If you've been watching the news in the last few days, you are sure to be aware of the Gun Rights Rally held in Richmond, VA. And, depending on which news you watch, your ideas of what happened, who attended, what the rally was about, and how it proceeded could be radically different than the person next to you at work.
And on the other, it was a diverse and peaceful rally to show the state government of the Commonwealth of VA to not intrude further on Constitutional Rights.
And while I definitely fall on the side of the latter, I cannot think of a better real-time example of the value of not just information, but trusting the sources, evaluating bias, and the value of collecting information from other, opposing sources and viewpoints in order to make good decisions for your survival in the urban area.
The value of good intelligence
In the USE&E approach, information and intelligence (in the military sense, not the intellectual sense) are some of the most valuable things we can have. It helps us make decisions, lets us see what may be happening in our world that we need to prepare for, and gives us a view of enemies, allies, neutral parties, resources, and other things to make our lives better.
The first rule of intelligence gathering is to listen to it all, but believe none of it until you can verify it independently. This is especially true when you are inclined to trust the source.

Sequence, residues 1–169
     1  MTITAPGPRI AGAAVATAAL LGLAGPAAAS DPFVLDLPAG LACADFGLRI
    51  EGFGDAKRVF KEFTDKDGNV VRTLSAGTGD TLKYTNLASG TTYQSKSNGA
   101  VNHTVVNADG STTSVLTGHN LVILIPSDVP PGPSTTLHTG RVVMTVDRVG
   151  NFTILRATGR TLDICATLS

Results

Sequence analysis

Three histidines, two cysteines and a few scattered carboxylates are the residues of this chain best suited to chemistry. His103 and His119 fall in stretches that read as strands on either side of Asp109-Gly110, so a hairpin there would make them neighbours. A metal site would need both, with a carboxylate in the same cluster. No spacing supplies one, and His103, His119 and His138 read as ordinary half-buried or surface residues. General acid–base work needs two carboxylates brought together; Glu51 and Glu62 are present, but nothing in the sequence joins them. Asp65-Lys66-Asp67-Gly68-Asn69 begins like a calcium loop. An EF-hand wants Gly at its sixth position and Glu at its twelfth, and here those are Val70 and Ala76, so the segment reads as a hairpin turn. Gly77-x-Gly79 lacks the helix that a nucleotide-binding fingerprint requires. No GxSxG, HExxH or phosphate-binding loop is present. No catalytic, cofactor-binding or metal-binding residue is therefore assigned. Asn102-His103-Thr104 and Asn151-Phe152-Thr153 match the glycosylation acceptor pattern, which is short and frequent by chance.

A popular saying in old journalism schools is; "If your mother says she loves you, verify it with three sources." This goes double for life-saving or actionable intel. As much as you might like a radio host, you should take their information at face value until you can get it from a few different sources.
There are a few reasons why.
What is the reason for the information?
In a mass media endeavor, information is not the prime reason for a show. Advertisers are.
There is a certain alternative host that is known as the greatest water filter salesman in history, and this is for a reason. No matter what knowledge he puts out, his primary job is delivering for advertisers.
It doesn't mean his information is wrong or right, it means you need to take it for what it is, and get other, corroborating stories that will either prove or disprove it.
Look out for willful disinformation and propaganda
The next category is watching out for willful disinformation. This is probably the most common and rampant occurrence when seeking sources. The cause is usually easy to see if you can maintain a neutral viewpoint as you are consuming the news or information.